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2018: From gold in Gold Coast to shattered Olympic Dreams

December 22, 2018 4:00 AM
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2018 will go down in history as a year when Botswana launched an audacious bid to become the first ever African country to host the Youth Olympic Games. Botswana, went head-to-head with other African countries, Tunisia, Senegal and Nigeria for the right to organise the 2022 tournament. While the Botswana National Olympic Committee (BNOC) thought it had done enough to win the bid, the government baulked at the P1.7 billion budget needed to host the games. Botswana missed the August 17 deadline for the government to commit to the hosting of the games. In the end, it was Senegal that prevailed and will become the first African country to host the Youth Olympics.

Nijel Amos was expected to grab a gold medal at the 2018 Gold Coast Commonwealth Games. But the 800m final turned into a nightmare for the athlete as the 2012 Olympic Games silver medallist finished last. His poor finish was blamed on an injury he picked during the semi-final.

Isaac Makwala finally broke his Commonwealth Games duck after he won two gold medals in Gold Coast in April. He won an individual medal and proceeded to clinch another medal with the 4x400m relay team. On the other hand, Amantle Montsho scooped an individual gold in the 400m, before guiding the women’s 4x400m relay team to a bronze medal. Baboloki Thebe overcame an injury scare to win a silver medal in the 400m as Botswana completed a rare 1-2 in what was the country’s most successful Commonwealth Games.

November last year, when it was found that her sample had tested positive. She was then slapped with a four-year ban last month. Her last competition was during the World championships last year August. Hardly two months after the triumphant return from London, Jele would make a fateful error when, according to her own evidence, she decided to sip water from a bottle that was contaminated by her husband’s steroids.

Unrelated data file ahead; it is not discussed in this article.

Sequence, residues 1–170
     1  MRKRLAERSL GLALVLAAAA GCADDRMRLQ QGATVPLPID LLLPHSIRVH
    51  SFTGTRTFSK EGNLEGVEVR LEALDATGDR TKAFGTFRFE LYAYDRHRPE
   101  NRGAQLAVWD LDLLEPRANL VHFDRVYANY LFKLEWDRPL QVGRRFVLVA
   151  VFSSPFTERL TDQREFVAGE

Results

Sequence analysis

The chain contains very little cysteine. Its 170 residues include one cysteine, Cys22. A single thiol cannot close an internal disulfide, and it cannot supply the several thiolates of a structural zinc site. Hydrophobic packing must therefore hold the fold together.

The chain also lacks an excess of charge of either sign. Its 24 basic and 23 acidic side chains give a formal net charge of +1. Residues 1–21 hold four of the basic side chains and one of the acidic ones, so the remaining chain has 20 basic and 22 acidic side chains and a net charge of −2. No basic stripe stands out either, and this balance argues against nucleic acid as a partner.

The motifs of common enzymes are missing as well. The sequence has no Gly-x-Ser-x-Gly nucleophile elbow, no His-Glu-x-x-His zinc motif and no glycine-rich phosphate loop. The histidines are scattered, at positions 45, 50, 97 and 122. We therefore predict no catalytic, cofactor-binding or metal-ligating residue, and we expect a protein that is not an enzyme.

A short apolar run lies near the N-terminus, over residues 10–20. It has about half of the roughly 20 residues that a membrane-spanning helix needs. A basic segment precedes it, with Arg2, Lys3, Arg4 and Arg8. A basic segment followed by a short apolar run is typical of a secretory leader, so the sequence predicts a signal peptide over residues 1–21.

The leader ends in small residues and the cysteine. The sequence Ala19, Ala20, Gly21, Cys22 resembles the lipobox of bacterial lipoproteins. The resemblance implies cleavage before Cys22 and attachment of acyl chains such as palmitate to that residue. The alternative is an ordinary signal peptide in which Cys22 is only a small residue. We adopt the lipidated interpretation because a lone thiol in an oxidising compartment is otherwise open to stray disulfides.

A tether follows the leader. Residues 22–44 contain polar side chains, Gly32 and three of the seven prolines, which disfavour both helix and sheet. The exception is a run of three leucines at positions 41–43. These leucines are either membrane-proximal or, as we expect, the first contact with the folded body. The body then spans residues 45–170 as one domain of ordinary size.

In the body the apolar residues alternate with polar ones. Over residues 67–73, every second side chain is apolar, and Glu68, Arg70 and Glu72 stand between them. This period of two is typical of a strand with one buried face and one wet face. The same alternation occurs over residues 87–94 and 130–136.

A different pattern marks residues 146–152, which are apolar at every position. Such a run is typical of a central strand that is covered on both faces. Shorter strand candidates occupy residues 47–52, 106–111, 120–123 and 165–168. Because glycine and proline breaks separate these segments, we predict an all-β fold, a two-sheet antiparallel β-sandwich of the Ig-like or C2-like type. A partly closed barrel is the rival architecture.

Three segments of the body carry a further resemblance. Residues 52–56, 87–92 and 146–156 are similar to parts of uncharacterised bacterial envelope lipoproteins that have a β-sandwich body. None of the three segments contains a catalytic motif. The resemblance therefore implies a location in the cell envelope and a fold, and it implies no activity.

Botswana Tertiary Students Sport Association (BOTESSA) hosted the Confederation of Universities and Colleges Sports Association (CUCSA) 2018.

South Africa won the games, which were hosted mid-year, with Zimbabwe coming second, while the hosts, Botswana were third. Malawi were fourth while Lesotho, eSwatini and Namibia returned home empty handed.

Meanwhile, the country also hosted the Region 5 Youth Games early this month. There were teething problems, particularly around accommodation and accreditation, when the games started.

The Local Organising Committee (LOC) had to put both hands on deck to ensure a smooth competition. South Africa dominated the competition snatching 144 medals (69 gold, 60 silver and 15 bronze) followed by Angola with 47 medals (16 gold, 10 silver and 21 bronze).

Team Botswana outdid themselves by finishing third (12 gold, 24 silver and 33 bronze). Tanzania who came as guests, won gold medal from the boys football. The next edition of the games is scheduled for Maseru, Lesotho in 2020.

Botswana became the first country, outside South Africa, to host the International Tennis Federation (ITF) Regional Coaches Conference last month. South Africa has always hosted the conference, which was held days before the ITF regional tournament was held in Gaborone. The conference targeted coaches from Southern and Eastern Africa.

Source: mmegi.bw

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